"During the summer of 2018, I got work regarding what seemed, from the client's description, a pretty drawn out and messy divorce case. The husband was my client, and he made it seem, very adamantly, that his soon to be ex-wife was after his every penny. Given he seemed to have a fairly high paying job, it seemed like a pretty common type of case, the city I work in has many instances of this, it has a high cost of living and a lot of well-paid working professionals in the private industry. He was a very well-spoken, amicable guy in his late 50s, and truly seemed like he'd been taken by surprise and betrayed by his soon to be ex-wife.
When I actually got to the case, however, I was basically floored.
His wife was a working professional as well, worked in government, they'd been married for over twenty years and had two kids together, and a paid off house. Before taxes, he made almost three times what she did, not counting his stock options, and yet she'd contributed equally to their mortgage on every home they'd owned over the course of the marriage. By all accounts, despite a vast difference in income, she'd carried her weight, raised two kids, and worked full time during the entirety of the marriage. I live and work in Canada, she could have easily raked him over the coals in the divorce if it had gone to court.
Instead, it seemed like she'd done everything she possibly could to not have him subjected to that. This divorce had been ongoing for five years before he hired me, and it was basically him looking a gift horse in the mouth over and over, a constant renegotiation on the contract they'd both signed initially, with him skimping on alimony and then debating on lesser terms. He was basically given an inch and tried to take a mile, dragging it out for so long that per divorce law it had to go to court. I almost suspect he did so as a way to try to drag her through the mud, though he may have genuinely been that delusional.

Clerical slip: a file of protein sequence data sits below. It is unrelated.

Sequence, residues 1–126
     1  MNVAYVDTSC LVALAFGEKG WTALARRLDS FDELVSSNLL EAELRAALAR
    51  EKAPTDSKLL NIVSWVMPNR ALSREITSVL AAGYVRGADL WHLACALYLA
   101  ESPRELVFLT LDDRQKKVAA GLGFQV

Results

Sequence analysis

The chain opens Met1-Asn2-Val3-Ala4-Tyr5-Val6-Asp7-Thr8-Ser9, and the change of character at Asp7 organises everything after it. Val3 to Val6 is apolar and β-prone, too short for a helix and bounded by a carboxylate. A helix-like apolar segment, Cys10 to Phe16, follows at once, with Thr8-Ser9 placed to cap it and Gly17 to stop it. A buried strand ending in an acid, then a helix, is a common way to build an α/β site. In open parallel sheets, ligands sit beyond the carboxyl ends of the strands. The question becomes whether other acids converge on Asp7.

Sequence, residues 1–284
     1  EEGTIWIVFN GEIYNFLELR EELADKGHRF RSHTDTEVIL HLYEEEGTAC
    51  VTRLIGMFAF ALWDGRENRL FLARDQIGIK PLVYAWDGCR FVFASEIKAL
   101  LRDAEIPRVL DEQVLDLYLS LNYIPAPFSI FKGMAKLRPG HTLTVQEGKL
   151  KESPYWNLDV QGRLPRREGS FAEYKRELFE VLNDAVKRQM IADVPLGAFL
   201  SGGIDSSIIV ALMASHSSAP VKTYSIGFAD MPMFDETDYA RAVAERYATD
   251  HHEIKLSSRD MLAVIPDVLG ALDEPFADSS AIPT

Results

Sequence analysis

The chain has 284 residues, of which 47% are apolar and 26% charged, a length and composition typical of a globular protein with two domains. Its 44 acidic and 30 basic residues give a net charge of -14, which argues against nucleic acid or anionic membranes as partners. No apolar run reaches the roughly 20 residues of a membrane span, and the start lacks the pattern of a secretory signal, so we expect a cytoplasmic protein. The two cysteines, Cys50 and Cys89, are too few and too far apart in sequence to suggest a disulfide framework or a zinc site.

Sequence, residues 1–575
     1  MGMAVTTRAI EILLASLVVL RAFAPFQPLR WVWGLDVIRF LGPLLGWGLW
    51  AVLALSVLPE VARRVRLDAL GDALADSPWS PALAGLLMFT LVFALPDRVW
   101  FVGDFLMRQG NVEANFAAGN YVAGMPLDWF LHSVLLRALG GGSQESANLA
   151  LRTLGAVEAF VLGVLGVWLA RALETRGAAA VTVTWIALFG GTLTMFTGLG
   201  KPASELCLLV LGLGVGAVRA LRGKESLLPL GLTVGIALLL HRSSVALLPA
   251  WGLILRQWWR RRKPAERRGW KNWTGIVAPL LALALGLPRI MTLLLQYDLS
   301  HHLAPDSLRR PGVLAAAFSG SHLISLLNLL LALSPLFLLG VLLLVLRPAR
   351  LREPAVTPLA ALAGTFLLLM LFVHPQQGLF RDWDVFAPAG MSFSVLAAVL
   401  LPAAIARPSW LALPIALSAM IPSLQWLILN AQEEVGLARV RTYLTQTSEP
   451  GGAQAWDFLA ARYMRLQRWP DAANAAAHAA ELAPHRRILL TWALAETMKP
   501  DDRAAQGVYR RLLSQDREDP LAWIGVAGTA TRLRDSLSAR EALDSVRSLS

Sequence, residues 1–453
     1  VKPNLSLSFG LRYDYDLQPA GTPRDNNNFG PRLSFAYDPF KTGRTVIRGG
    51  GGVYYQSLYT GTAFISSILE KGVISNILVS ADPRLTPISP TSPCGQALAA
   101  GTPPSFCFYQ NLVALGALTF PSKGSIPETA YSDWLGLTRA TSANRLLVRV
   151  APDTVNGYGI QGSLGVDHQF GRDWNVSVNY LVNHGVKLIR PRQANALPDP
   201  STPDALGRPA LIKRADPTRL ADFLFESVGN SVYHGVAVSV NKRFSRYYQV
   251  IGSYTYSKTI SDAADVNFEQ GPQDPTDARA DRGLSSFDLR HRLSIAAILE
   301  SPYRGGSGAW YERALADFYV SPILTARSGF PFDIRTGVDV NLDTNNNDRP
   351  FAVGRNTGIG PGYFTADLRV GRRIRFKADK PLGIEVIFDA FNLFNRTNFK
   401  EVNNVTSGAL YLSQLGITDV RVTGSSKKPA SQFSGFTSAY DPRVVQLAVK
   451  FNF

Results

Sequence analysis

I consider it a win only because his ex-wife was adamant about only wanting what was somewhat fair, and for it to be over because of the strain it was having on the family. Per the contract he owed her, still, about 50k in back pay, but she was content with 15k, which was less than this guy made in a month. I did regret the 'win' though, she seemed like a very nice woman with the patience of a saint, while almost all of his anger towards her seemed to come from wounded ego."
"I defended a death case, representing the insurance company. A man had a brain injury due to a car accident, and died six months later. His family sued my client.
I've never seen a lazier effort on behalf of a Plaintiff. The Plaintiff firm immediately handed the case over to a junior associate. She barely did anything with it. We had settlement negotiations, but they were way too high considering the lack of actual medical evidence they had come up with to link the death to the car accident. It probably was related, but you can't walk into court with that argument and no evidence to support it. That seemed to be their plan.
On the eve of trial I told my client to accept the settlement, but she refused. I told her she would lose because I was going to get all of her 'evidence' thrown out. Still, they went to trial.
The partner that was supposed to be there with her didn't show up because his dog was sick. No joke. As I predicted, all of her evidence was thrown out. The family was crying. I won, but I didn't feel great about it.
The Judge was appalled. I'm sure the firm was sued for legal malpractice. The young associate was gone within weeks."